piclist 2005\08\21\091725a >
Thread: I say it is spinach . . .
picon face BY : Gerhard Fiedler email (remove spam text)

Olin Lathrop wrote:

> You are referring to "may not" when I was talking about "can not".  Yes you
> can put all sorts of licenses on open source, but it's nearly impossible to
> police since parts of the code can find themselves in applications with no
> way to identify the original code from the outside.  In the end, you have to
> assume that making source available is essentially giving away the software.

This is true in an essentially closed source world. The problem with the
closed source vs open source thing is that it is not linear. It's something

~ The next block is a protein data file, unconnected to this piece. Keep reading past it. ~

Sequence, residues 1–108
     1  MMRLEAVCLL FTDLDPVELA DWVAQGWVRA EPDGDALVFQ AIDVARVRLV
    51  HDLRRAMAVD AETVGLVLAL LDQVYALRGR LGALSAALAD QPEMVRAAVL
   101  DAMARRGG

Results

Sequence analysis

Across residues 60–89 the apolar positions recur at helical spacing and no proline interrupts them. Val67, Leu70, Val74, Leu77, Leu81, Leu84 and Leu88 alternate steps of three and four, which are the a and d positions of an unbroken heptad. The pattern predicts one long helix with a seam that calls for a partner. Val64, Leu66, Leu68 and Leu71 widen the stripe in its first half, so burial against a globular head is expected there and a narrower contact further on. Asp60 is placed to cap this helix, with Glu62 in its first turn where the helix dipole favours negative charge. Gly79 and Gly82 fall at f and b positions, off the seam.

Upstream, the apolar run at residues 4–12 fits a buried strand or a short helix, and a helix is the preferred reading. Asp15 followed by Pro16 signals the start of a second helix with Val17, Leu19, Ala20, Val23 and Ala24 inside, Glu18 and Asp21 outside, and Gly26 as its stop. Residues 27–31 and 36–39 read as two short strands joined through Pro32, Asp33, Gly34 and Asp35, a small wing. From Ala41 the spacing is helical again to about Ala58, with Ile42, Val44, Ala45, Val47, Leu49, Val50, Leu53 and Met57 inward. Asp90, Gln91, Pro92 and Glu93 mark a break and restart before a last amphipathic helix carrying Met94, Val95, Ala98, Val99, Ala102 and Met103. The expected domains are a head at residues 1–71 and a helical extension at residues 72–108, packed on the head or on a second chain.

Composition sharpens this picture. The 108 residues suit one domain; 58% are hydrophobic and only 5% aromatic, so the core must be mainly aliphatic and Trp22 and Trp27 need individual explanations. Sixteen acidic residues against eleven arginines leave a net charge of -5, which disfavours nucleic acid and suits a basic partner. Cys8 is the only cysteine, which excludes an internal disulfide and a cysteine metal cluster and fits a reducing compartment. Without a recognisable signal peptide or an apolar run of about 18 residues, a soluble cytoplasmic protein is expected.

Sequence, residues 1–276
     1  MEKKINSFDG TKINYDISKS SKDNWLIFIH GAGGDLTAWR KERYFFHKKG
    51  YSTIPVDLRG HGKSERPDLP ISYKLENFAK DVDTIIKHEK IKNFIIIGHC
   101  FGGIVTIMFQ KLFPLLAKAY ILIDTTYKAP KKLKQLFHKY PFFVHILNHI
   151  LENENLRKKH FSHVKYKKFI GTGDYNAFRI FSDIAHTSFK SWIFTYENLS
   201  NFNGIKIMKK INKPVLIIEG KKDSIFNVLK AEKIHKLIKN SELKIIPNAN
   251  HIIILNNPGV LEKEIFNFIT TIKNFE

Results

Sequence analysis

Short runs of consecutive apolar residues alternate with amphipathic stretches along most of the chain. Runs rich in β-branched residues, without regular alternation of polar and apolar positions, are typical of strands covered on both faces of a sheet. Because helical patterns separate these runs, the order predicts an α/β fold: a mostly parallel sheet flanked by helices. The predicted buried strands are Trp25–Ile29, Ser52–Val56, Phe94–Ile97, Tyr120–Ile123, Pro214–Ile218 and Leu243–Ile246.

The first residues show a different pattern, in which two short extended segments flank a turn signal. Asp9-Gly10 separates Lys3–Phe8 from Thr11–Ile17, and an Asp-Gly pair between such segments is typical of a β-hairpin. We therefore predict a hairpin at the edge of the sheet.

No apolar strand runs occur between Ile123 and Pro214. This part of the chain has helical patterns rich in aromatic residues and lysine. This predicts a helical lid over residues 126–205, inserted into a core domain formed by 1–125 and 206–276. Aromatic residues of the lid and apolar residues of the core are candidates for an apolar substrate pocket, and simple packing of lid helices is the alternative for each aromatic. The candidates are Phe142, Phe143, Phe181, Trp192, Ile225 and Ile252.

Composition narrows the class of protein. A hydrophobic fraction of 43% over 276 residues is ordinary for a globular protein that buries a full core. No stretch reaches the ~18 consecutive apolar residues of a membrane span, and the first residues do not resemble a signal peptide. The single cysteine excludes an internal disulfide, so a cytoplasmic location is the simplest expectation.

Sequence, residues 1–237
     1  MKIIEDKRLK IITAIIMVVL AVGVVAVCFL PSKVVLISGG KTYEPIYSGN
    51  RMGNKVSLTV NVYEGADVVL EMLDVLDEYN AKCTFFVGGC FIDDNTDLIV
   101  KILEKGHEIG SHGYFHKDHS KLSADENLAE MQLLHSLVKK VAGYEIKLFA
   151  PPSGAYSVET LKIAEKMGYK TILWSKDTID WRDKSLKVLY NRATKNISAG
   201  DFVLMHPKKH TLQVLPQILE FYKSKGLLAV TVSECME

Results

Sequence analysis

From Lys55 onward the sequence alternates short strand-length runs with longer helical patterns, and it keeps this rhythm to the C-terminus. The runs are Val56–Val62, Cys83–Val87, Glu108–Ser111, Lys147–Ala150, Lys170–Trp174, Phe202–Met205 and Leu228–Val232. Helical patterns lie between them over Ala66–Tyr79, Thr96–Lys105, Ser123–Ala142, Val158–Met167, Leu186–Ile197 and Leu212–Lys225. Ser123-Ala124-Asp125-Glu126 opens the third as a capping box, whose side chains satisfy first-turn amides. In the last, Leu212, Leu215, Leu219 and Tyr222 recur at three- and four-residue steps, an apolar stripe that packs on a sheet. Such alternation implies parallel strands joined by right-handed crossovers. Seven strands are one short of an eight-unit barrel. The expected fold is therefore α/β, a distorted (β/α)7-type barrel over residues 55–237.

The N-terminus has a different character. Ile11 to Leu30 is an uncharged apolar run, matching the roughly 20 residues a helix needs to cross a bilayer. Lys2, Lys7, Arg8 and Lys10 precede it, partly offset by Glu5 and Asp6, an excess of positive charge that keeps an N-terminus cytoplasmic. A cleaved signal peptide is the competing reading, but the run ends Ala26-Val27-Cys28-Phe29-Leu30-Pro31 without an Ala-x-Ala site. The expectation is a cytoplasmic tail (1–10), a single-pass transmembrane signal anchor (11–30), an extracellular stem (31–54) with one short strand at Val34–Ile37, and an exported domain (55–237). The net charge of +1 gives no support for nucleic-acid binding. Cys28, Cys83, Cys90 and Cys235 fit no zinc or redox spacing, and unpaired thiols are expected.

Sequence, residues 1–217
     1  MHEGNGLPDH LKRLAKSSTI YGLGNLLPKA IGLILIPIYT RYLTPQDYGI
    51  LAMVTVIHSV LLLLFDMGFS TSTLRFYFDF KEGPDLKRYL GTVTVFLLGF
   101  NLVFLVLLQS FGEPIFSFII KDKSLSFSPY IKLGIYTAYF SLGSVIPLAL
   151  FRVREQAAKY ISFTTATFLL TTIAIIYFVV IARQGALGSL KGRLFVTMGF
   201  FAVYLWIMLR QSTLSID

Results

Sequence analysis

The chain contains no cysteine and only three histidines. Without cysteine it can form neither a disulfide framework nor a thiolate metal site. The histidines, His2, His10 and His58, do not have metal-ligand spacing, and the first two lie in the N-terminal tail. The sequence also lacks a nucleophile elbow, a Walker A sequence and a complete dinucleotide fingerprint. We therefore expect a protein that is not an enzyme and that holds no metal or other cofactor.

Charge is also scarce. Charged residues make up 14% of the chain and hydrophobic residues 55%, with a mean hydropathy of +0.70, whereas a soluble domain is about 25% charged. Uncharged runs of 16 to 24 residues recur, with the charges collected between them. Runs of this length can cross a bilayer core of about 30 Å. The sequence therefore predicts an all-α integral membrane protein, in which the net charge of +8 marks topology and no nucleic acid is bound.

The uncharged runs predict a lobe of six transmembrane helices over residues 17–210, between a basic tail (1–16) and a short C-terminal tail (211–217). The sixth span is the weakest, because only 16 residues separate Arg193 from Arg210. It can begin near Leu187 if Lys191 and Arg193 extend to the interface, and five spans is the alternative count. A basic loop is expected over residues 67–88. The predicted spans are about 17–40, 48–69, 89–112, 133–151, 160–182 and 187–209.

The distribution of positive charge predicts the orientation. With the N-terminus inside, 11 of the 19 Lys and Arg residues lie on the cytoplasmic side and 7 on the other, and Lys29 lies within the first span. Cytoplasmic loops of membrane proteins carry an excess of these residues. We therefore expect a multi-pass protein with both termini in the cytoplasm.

that has "turning points": the behavior of the system depends on a certain
critical mass. In an environment that's as essentially open source as our
current one is closed source, your argument turns exactly to the contrary:
taking code from someone else becomes much easier, of course, but also much
more obvious.

Open source is actually the only way to enforce software copyright. The
copyright is on the source, and if all you see from a product is the
compiled result, there's no way to determine what copyright was on the
sources used to create it. The only way to determine whether there was a
copyright infringement is to look at the sources. So I would tend to think
that everybody who puts any worth on copyright enforcement would have to be
a proponent of (enforced) open source. No?

<1cgdb6mz9gxyh.j73xe33obgr$.dlg@40tude.net> 7bit

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